3/4 effort run at tempo pace/At Threshold (AT) pace, 75-85% of (Maximum minus resting heart rate). For example 160 to 174 beats per minute. For our example runner that could be 6:15 to 6:35 per mile depending on how he feels and the conditions and if it is early in base building phase or late in the base building phase."<br><br><br><br><br>
You can find the article here:<br><br><a href="http://www.bunnhill.com/BobHodge/Special/LydiardInterpreted.htm" target="_blank">http://www.bunnhill.com/BobHodge/Spe...nterpreted.htm</a><br><br><br>
Bottom line for me is to run where I feel comfortable and note what my HR is on that day. So I don't use HR to control pace....merely to define the range where I am running. As a follow up to yesterday's info, today I ran 18k with HR in the 131 range. I felt good at that pace, although it was quite slow relative to the two previous days, so I stayed there in spite of the low HR.
All good stuff, but I would recommend defining your goals as well. . .eg., basebuilding vs. speed workouts. If you are interested in a really decent look at aerobic basebuilding, here's a link to Jesse Leitner's page on it:<br><br><a href="http://formationflier.spaces.live.com/" target="_blank">http://formationflier.spaces.live.com/</a>
I've been wearing one more lately pretty much out of curiosity. Today during my tempo work I was at about 90% MHR so just around LT based on my age ... BUT I haven't done a VO2Max test lately, and age-predicted is a good estimate at best.<br><br>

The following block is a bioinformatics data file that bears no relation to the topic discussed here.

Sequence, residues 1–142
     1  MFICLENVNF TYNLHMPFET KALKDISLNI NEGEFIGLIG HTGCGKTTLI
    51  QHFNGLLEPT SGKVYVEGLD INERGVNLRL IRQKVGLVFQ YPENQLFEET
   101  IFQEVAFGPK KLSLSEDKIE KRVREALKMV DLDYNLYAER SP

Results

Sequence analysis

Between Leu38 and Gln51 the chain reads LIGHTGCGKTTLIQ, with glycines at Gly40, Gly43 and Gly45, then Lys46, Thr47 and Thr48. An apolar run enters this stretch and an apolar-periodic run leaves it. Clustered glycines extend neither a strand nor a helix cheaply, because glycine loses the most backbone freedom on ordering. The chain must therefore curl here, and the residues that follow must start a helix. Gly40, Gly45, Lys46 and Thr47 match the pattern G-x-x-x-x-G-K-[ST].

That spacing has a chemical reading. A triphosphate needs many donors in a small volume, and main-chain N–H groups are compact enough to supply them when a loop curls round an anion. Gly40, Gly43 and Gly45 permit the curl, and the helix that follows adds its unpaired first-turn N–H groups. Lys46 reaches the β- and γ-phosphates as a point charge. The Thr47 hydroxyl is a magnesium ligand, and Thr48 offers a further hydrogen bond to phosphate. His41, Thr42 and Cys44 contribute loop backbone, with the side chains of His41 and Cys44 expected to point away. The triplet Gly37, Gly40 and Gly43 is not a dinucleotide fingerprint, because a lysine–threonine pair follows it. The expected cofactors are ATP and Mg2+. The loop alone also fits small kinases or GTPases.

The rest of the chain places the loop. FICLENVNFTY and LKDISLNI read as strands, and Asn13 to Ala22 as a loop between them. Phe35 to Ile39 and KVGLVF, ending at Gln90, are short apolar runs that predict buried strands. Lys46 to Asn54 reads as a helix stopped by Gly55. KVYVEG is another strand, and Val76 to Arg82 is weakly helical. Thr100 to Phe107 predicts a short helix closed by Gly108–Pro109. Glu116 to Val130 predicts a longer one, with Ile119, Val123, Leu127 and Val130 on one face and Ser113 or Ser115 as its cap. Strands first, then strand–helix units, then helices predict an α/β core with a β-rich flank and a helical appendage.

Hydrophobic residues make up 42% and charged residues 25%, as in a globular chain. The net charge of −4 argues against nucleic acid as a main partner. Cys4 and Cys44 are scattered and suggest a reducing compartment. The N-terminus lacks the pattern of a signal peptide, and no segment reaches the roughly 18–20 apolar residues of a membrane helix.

I'd recommend a VO2 max or sub-max test for the most accurate heart rate training, but also think observing your heart rate responses over time at different effort levels of training has validity, too.
Tigger- I didn't yet thank you for your input. Interestingly, my heart rate has been staying much lower and recovering much more quickly. So I think I am much closer to being in th correct zones according to the info you gave....Maybe I was just high that day or something? Thanks again!
I don't use a HRM, but I do get tested with blood lactate levels and HR. I know everyone is different............but 169 seems too high for long run unless you had some pacework involved. I'd think under 150 for zone 1. I got tested today and if I trained with an HRM, I should stay under 148 (and I'll add that I'm out-of-shape and have been running too hard because I was running at paces preinjury), because normal for me is 135-140 on easy runs.<br><br>
so, as usual, I agree with Tigger. I don't use a HRM in training, but I take the pace and keep myself in range. I get to run 20 secongs slower than I had been on my long runs and my easy runs. I've been down this road before in 2/2006 I had to run for 6 weeks at 7:45-7:50 pace, never faster. I got tested in 4/2006 and even though I did no speedwork my zone 1 became 7:30 and I added speedwork. 5/2006 with 6 weeks of speedwork, all my zones went through the roof with zone 1 being 6:50. I ran a huge half marathon PR without taper. Patience, patience, run slow to run fast (I'm telling myself this right now, because my DH won't talk to me because I'm "acting like a baby" about not wanting to run slow)<br><br>
And like Tigger, I really think there is something to be said about "feel". During my test, I looked over and said "I'm crossing over the aerobic threshold"--I felt it, but when I looked at my speed, I knew that it shouldn't be happening yet.
I am going to give the run slow to run fast build your aerobic base thing the good college try after this marathon and see what happens. Right now I am 10 weeks out and ffollowing a plan I am loving. But, cross my heart I am gonna try it starting the beginning of November...<br><br><br>
FTR My heart rate is improving on long runs and is staying much lower....